April is Organ Donor Awareness Month, but awareness sessions and long-planned events are a little different this year due to the COVID-19 pandemic.
Local Organ Donor Awareness Month events are usually organized by Deanna Peacock, who required a life-saving double-lung transplant after being diagnosed with idiopathic pulmonary fibrosis back in 2012. At one point, prior to the transplant, Peacock was only given two months to live.
Since then, Peacock has teamed with her long-time friend and former caregiver, Margot Crowder-Davidson, to spread awareness about the importance of organ donations.
Already this month events such as the annual flag-raising event, Orillia Soldiers' Memorial Hospital organ donor registration sessions, and Green Shirt Day have been either put on hold or modified due to the COVID-19 pandemic.
“We are really missing out on doing these sorts of things, but we are hoping to make up for it later,” Peacock said.
“With all these things that we’ve had to cancel, we always try to think outside the box, get creative, and initiate something to take its place.”
The usual flag has been raised at the Orillia Opera House with no gathering to celebrate the occasion, and other events have been taking place virtually.
“For Green Shirt Day as an example, we’ve had people take photos of themselves wearing green and we’ve posted those on our Facebook page," Peacock explained of the event named in homage to the Humboldt Bronco hockey player who donated his organs following the tragedy involving him and his hockey team.
“We’ve had people from Florida to Nashville and from B.C. to Nova Scotia participate, and we are doing that all month long,” Peacock explained
As another way to celebrate Organ Donor Awareness Month, Peacock and Crowder-Davidson have published a book together.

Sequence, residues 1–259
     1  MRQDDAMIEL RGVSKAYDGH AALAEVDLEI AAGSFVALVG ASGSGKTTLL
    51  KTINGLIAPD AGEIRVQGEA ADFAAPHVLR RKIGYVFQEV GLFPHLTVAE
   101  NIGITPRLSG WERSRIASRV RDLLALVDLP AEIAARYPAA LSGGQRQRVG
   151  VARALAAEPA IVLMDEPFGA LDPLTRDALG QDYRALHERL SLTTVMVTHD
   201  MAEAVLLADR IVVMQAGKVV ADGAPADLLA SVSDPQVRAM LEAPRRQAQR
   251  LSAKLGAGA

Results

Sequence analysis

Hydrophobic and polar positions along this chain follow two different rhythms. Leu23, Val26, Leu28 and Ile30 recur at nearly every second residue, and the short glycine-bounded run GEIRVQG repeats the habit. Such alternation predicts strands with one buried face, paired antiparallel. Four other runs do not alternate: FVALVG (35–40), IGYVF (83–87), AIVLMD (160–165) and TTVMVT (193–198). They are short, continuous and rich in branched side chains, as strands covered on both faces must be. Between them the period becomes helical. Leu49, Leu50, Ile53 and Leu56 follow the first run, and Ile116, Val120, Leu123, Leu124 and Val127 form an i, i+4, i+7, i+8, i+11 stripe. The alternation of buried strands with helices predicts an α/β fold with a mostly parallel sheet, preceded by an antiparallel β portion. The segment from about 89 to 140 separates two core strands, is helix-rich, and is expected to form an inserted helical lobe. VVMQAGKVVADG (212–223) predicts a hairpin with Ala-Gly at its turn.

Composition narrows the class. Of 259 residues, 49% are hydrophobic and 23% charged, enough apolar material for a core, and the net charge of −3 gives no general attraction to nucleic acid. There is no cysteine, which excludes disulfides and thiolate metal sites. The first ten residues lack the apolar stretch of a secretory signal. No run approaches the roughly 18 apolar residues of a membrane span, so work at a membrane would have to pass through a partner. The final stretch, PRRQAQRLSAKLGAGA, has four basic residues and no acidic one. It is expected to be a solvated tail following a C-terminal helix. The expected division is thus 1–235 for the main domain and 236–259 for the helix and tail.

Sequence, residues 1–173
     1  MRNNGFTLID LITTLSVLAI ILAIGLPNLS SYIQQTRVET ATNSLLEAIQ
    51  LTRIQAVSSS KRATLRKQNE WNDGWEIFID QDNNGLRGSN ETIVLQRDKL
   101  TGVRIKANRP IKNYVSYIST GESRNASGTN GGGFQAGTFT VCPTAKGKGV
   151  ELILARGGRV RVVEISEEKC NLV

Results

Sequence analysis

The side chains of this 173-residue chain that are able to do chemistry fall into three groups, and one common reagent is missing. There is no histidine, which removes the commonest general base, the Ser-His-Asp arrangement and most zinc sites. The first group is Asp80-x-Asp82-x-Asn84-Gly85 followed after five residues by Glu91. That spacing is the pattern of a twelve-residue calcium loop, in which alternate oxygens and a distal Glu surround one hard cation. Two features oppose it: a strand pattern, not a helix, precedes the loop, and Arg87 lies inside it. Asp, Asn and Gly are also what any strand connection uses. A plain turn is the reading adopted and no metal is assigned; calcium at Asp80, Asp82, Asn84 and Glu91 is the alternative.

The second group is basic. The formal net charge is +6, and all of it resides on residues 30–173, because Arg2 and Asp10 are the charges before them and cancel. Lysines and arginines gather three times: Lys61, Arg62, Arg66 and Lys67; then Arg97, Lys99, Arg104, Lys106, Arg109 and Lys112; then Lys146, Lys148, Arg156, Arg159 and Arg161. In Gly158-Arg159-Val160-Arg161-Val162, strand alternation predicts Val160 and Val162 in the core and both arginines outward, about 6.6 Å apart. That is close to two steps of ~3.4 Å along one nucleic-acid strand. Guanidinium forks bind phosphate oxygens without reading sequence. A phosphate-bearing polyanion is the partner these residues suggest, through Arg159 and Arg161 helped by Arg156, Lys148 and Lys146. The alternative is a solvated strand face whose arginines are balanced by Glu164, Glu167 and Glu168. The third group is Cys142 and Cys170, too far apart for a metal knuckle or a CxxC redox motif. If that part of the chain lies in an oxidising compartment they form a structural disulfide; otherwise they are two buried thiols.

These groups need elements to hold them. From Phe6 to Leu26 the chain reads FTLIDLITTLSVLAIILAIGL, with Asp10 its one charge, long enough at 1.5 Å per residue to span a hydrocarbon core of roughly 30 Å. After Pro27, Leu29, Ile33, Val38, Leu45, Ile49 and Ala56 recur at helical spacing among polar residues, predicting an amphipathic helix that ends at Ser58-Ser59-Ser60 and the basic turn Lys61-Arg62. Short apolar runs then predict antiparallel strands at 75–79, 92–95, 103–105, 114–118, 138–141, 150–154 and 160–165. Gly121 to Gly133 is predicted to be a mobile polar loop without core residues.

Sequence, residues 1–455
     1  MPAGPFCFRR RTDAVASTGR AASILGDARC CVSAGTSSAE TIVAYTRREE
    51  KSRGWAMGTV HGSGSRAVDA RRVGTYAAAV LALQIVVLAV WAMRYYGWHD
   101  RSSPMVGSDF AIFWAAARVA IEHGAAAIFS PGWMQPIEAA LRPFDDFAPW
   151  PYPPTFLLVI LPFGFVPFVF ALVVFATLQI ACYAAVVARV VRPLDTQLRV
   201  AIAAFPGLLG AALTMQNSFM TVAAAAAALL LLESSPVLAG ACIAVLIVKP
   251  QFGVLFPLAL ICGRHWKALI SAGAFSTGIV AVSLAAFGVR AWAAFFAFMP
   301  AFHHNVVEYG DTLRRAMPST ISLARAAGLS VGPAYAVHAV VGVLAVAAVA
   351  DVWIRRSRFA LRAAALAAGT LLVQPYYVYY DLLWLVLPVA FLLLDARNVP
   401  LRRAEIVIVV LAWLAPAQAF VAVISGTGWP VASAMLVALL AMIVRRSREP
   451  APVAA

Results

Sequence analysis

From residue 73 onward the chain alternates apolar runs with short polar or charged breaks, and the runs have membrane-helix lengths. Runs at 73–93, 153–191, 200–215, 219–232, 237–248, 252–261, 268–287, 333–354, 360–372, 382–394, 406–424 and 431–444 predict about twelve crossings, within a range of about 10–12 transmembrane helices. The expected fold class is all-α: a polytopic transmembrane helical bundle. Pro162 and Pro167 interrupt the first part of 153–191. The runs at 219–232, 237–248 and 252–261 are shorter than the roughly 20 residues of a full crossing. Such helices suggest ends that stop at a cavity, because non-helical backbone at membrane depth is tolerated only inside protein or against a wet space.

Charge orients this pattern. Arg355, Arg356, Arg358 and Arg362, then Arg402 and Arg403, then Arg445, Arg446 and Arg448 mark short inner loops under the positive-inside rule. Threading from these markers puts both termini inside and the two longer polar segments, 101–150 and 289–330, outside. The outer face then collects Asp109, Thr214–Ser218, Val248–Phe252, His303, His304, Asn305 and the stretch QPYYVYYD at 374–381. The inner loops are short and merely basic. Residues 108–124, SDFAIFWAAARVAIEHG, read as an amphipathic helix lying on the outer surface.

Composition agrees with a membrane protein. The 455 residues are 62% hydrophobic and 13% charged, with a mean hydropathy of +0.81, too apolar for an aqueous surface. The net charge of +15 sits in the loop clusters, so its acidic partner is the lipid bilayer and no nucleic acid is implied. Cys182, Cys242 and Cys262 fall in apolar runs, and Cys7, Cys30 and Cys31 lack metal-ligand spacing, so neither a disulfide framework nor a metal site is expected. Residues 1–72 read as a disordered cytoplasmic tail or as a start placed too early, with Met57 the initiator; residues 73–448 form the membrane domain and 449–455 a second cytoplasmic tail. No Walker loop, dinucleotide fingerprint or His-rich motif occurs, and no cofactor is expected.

“It’s a story on what we call our journey, it’s called A Story of Transformation, Miracles, and Hope,” Peacock said.
“We’ve been able to send the book out to Toronto General Hospital, Princess Margret Cancer Centre, and different hospitals where organ transportation occurs.”
Peacock started her mission of spreading awareness locally in 2013. For several hours every day she talks to people on the phone about donating organs. It’s become more than a passion to her, it’s a full-time job.
The efforts are paying off.
“We’ve gone from having 23% of local people registered back in 2013, to 40% now," she said of the number of people in Orillia and area committed to donating their organs. "We are above the national percentage, but we have a personal goal of getting to 50% or more.
“We have 1,600 people in Ontario waiting for organs, waiting for transportation, and I’m sure those numbers will be higher now because of COVID.”
Peacock says there are many reasons why people should become organ donors, and she encourages local citizens to act now.
“Your legacy continues on and you become someone’s hero; you definitely don’t need your organs after you’ve died,” she said.
“When you become a donor, you can save up to eight lives through organs, and 75 other lives through tissue. As a donor, you can pick and choose if you want to donate all of your organs and tissues or just some of them, but anything helps," Peacock explained.
Peacock says while over 90 percent of Ontarians support organ donation, only 35 percent have formally registered their consent for organ and tissue donation.
In the 2020 calendar year, 314 deceased organ donors gave the gift of life, 1,135 organ transplants were performed in Ontario, and 1,709 tissue donors enhanced the lives of thousands.